CBD / Cannabidiol was made aware to more of us, when this plant chemical halted an epileptic seizure in its tracks on U.S. national television.
Since then CBD has been claimed to stop spasms, calm anxiety, and soothe those in chronic pain.
What is CBD and how does it work? How is it different from THC?
Please use the FAQ / Infographics to further understand the helath benefits of CBD.
What is CBD?
Cannabidiol (CBD) is one of the most prevalent chemical compounds in the cannabis plant. Unlike the more famous molecule, tetrahydrocannabinol (THC), CBD is completely nonpsychoactive.
Don’t expect to get “high” off of this organic chemical, however. CBD is all relaxation without intoxication.
While CBD still has an effect on your body, consuming CBD by itself isn’t going to send you on the cerebral adventure associated with THC. For decades, medical professionals and the general public overlooked CBD because psychoactive cannabis took center stage.
Now, the medical potential of CBD has taken cannabis to mainstream audiences. Preclinical trials over the past four decades have found that the cannabinoid shows promise as an:
CBD is often used by patients in the form of an oil. Patients with more chronic conditions such as cancer and epilepsy often use medical cannabis oil extracted from high-CBD varieties of cannabis.
How does it work?
THC is psychoactive while CBD is not. While both compounds are cannabinoids, they each interact with the body in different ways. THC directly engages the cannabinoid receptor 1 (CB1), which is concentrated largely in the central nervous system.
CBD, however, doesn’t engage CB1 in the same way. As explained by neurologist and medical researcher Dr. Ethan Russo in an interview with Project CBD:
[CBD] doesn’t tend to bind directly to what’s called the orthosteric site [on cannabinoid receptors] where THC binds. Rather, it binds on what’s called an allosteric site, another site on the receptor, and so it alters the binding of both THC and the endogenous cannabinoids, the endocannabinoids.
So, what’s the verdict in a THC vs. CBD mashup? CBD and THC both connect on receptors in different locations. While THC directly engages the cannabinoid through the orthosteric site, CBD seems to regulate or fine tune that interaction by connecting to a separate receptor location.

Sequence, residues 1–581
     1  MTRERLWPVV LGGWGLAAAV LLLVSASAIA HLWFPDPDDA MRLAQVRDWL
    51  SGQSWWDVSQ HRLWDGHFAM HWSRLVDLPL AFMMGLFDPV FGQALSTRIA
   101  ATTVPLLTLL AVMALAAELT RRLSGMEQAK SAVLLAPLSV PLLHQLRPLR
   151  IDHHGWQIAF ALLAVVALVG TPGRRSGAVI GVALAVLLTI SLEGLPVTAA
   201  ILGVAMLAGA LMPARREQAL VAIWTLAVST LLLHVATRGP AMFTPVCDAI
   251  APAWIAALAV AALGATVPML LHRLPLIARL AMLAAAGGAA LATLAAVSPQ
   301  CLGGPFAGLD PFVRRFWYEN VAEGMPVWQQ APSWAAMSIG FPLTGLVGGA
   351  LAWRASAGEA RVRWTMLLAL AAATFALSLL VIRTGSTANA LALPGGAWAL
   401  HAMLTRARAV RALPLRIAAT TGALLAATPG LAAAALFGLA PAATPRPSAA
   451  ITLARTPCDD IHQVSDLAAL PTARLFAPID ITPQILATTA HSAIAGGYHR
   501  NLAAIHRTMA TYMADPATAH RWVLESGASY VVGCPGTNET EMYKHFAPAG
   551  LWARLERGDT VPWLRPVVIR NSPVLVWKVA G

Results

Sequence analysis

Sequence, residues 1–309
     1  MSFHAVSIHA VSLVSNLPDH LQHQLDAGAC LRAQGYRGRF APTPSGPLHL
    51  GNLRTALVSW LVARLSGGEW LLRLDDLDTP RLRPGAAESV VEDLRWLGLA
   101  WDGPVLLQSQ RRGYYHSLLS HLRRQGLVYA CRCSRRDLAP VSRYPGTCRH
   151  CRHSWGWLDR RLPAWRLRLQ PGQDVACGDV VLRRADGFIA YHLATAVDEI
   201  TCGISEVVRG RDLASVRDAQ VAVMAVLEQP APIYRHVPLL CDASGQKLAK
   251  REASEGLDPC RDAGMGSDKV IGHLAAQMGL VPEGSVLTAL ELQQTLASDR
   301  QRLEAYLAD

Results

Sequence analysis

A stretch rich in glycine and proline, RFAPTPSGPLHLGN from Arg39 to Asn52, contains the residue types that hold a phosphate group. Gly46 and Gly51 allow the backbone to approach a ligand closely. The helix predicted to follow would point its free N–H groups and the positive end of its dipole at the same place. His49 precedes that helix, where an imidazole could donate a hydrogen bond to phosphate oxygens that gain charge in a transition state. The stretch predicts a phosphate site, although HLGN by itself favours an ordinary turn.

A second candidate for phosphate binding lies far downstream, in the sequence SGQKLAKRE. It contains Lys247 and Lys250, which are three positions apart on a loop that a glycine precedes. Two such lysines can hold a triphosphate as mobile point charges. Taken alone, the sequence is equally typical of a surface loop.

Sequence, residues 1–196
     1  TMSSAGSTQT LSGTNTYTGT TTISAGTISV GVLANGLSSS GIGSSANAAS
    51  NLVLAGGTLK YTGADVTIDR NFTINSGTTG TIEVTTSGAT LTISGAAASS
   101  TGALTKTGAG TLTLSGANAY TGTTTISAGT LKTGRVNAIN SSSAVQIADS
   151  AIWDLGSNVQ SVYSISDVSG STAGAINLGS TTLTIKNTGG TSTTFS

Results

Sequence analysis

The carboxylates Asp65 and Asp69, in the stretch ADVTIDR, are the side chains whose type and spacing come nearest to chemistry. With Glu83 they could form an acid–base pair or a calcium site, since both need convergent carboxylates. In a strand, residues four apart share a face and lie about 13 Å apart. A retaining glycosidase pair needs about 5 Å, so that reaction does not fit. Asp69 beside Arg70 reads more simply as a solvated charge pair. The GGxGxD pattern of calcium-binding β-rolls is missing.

This fact is perhaps what enables CBD to modulate the psychoactivity of THC. Simply stated, if you’re feeling a little anxious after some cannabis, it could mean too much THC and not enough CBD. Evidence suggests that CBD reduces the psychoactive high from THC.
As Russo suggests, CBD also alters the ability for the body’s own endocannabinoids to engage with the primary binding site. This is theorized to alter “endocannabinoid tone”, which could be quite beneficial for certain medical conditions.
In a 2008 paper, Russo hypothesizes that some people may experience an “endocannabinoid deficiency”. He speculates that this deficiency is one of the culprits behind migraine, irritable bowel syndrome, and fibromyalgia.
Should more trials of CBD show positive results, the cannabinoid may prove to be a powerful, therapeutic tool for conditions related to the ECS.
How else does CBD work?
There is still much to learn about CBD. However, scientists have discovered that the compound does a lot more than engage cannabinoid receptors. The effects of CBD in the body are broad and far-reaching. Thus far, the cannabinoid is known to also directly or indirectly affect the following:
Vanilloid receptors (important for pain modulation)
Adenosine receptors (important for the sleep-wake cycle)
Serotonin receptors (important for mood and stress management)
Some rodent studies suggest that CBD may also work by blocking a particular fatty acid known as fatty-acid amide hydrolase (FAAH). The enzyme that’s responsible for breaking down the naturally occurring endocannabinoid anandamide in your body.
Anandamide is also known as the “bliss molecule” or the human THC. It helps regulate basic functions like pleasure and reward, appetite, ovulation, memory, sleep, and pain.